WRONG DRUG USED?
Warner Given Potassium Not In Protocol?
The wrong form of potassium was used to execute baby rapist and killer Charles Frederick Warner in January, according to state records.
Oklahoma Department of Corrections officials used bottles labeled potassium acetate for the final drug during the Jan. 15 lethal injection, and that was in violation of protocol, the records indicate.
Officials were supposed to use potassium chloride to stop Mr. Warner’s heart.
The same wrong drug was delivered to corrections officials Sept. 30 for the scheduled lethal injection that day of another convicted murderer, Richard Glossip.
Gov. Mary Fallin, granted a last-minute stay after learning of the mix-up.
Oklahoma Attorney General Scott Pruitt then launched an investigation into the circumstances surrounding Mr. Glossip’s execution.
Yesterday,, he confirmed the investigation will cover any previous drug mistake.
“I want to assure the public that our investigation will be full, fair and complete, and includes not only actions on Sept. 30, but any and all actions prior, relevant to the use of potassium acetate and potassium chloride,” Attorney General Pruitt said.
The revelation of yet another issue in an Oklahoma execution could impact the future of the death penalty in the state.
State officials already have faced increased court scrutiny—and international ridicule--because of problems in previous executions.
Robert Patton, director of the corrections department, declined on Wednesday to discuss Mr. Warner’s execution.
“As you are aware, the attorney general has opened an investigation. Out of respect for that investigation, we will not be commenting at this time,” he said in an e-mail.
Fallin said Wednesday night she fully supports an inquiry into Warner’s execution, too.
“It is imperative that the attorney general obtain the information he needs to make sure justice is served competently and fairly,” she said in an e-mail. “Until we have complete confidence in the system, we will delay any further executions.”
She said she and the attorney general delayed Glossip’s execution Sept. 30 as a precaution even though the doctor working with corrections officials and the pharmacist agreed potassium chloride and potassium acetate are medically interchangeable.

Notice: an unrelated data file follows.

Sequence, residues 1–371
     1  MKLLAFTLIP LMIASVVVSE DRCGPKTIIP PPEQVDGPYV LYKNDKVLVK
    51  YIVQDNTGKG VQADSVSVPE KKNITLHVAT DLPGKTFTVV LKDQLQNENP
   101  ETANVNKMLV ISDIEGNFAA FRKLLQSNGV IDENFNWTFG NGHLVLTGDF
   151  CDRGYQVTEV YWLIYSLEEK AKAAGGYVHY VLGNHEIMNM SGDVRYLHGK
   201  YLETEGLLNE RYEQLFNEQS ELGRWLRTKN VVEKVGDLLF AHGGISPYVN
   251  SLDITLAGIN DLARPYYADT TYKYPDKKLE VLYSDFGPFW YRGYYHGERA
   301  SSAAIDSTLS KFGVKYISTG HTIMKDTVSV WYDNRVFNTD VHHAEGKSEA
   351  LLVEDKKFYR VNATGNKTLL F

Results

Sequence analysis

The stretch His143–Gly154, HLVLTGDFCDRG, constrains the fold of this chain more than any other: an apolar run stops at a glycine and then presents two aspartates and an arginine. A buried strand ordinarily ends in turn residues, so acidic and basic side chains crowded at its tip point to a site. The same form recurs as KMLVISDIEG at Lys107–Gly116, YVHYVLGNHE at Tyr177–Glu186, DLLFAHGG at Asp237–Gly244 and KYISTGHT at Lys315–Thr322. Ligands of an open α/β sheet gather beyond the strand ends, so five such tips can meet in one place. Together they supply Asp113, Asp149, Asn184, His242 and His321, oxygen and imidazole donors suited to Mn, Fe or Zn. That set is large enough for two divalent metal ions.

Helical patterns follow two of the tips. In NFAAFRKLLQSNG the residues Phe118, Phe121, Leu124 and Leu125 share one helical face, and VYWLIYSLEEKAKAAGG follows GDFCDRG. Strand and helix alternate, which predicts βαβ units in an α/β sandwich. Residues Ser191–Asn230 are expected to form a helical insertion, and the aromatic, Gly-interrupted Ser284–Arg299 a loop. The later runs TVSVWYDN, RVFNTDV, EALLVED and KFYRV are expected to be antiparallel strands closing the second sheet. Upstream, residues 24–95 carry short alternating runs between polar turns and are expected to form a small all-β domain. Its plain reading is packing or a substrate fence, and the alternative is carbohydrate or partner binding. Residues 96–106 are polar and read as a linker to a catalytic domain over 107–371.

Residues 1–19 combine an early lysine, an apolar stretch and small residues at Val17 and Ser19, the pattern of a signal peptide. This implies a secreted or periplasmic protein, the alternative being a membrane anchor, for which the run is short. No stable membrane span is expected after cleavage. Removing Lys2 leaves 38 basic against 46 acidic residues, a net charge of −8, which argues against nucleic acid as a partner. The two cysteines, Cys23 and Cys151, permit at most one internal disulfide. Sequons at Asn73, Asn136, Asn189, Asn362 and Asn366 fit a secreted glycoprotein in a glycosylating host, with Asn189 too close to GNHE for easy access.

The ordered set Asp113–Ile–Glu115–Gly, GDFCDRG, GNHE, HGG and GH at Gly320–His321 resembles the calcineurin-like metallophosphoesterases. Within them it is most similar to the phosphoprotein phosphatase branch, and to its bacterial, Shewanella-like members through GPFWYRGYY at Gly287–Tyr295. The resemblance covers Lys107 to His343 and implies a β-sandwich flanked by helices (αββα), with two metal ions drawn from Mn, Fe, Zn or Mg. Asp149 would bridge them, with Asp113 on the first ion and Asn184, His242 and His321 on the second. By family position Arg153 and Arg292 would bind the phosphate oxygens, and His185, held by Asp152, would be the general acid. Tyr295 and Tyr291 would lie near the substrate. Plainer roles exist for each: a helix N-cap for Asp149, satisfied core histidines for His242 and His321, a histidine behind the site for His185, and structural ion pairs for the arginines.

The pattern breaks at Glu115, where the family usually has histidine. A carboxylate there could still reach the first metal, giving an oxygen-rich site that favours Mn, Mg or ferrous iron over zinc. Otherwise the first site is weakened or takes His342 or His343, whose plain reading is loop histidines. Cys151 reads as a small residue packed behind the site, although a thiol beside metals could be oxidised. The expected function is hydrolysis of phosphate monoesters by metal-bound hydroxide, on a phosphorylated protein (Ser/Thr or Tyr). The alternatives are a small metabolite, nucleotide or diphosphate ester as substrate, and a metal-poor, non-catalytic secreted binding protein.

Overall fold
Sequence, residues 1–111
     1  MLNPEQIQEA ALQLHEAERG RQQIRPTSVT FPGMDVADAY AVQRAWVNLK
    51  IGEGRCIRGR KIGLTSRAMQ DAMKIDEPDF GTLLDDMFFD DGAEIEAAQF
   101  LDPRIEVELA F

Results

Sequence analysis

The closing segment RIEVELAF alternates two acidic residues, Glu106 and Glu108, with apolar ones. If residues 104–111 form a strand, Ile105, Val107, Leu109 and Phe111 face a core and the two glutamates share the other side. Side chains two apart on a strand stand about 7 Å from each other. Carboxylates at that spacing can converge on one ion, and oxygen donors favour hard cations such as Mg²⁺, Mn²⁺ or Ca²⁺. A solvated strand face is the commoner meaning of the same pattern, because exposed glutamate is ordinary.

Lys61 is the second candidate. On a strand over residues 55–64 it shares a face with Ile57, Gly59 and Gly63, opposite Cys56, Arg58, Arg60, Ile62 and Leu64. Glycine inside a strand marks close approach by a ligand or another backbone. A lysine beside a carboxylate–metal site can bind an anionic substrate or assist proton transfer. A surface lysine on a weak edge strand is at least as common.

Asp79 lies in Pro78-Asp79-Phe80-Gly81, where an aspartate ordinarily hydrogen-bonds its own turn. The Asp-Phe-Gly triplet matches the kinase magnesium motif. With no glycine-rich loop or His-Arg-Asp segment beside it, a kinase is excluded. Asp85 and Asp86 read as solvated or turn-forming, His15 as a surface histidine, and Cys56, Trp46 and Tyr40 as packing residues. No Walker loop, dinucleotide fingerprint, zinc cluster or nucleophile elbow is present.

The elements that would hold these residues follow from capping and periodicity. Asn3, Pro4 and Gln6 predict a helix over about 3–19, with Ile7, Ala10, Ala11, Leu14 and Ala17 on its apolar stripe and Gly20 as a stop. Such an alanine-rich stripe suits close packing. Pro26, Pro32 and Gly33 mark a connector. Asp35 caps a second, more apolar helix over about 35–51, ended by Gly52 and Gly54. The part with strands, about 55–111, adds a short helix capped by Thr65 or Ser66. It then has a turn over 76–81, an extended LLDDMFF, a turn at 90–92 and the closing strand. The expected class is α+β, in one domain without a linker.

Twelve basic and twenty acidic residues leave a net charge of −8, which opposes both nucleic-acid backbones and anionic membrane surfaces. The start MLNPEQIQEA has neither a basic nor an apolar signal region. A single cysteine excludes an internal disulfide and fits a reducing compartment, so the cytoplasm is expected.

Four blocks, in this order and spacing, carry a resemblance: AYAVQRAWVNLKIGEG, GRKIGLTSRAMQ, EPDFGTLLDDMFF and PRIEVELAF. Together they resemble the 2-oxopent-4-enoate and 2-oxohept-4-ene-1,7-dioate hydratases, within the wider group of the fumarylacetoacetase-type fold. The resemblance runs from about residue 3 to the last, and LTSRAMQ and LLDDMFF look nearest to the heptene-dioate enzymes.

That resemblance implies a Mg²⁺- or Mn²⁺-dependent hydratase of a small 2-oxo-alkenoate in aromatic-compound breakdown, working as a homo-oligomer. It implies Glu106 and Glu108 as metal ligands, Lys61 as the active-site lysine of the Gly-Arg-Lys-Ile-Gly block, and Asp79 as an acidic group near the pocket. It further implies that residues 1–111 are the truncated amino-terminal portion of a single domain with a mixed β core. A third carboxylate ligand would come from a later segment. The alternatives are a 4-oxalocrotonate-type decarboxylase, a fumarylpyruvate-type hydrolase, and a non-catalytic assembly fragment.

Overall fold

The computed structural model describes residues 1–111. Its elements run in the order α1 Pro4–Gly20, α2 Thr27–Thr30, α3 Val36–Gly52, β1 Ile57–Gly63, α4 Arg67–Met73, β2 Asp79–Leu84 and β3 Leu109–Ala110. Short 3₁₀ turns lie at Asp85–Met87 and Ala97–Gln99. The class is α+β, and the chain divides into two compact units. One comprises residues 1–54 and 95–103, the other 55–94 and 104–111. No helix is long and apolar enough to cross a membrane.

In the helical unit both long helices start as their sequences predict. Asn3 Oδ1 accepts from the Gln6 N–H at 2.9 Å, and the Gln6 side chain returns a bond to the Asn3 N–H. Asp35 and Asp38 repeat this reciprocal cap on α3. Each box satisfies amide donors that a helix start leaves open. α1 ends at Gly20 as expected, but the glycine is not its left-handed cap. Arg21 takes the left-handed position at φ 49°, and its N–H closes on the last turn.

“The active ingredient is potassium, which, when injected in large quantities, stops the heart,” the governor said.
She said “it became apparent” during the discussions Sept. 30 about a delay that the Corrections Department may have used potassium acetate in Warner’s execution. “I was not aware nor was anyone in my office aware of that possibility until the day of Richard Glossip’s scheduled execution,” she said.
Fallin on Tuesday said she has hired an outside attorney “to look at the whole process” and advise her.
Potassium chloride has long been the last of three drugs used for lethal injections in Oklahoma. The corrections department protocol requires the potassium chloride to be split into two syringes.
Under the protocol, the total dose of potassium chloride to be used in a lethal injection is “240 milliequivalents.”
The drug vials and syringes used in Warner’s execution were submitted to the Office of Chief Medical Examiner after his death. Two of the syringes were labeled with white tape “120 mEq Potassium Chloride,” his autopsy report shows.
However, the 12 empty vials used to fill the syringes are labeled “20mL single dose Potassium Acetate Injection, USP 40 mEq\2mEq\mL,” the autopsy report shows.
Mr. Warner, 47, is the last murderer to be executed at the Oklahoma State Penitentiary in McAlester. He raped and murdered an 11-month-old girl in Oklahoma City in 1997.
He was put to death almost nine months after mistakes were made in the execution of murderer Clayton Lockett.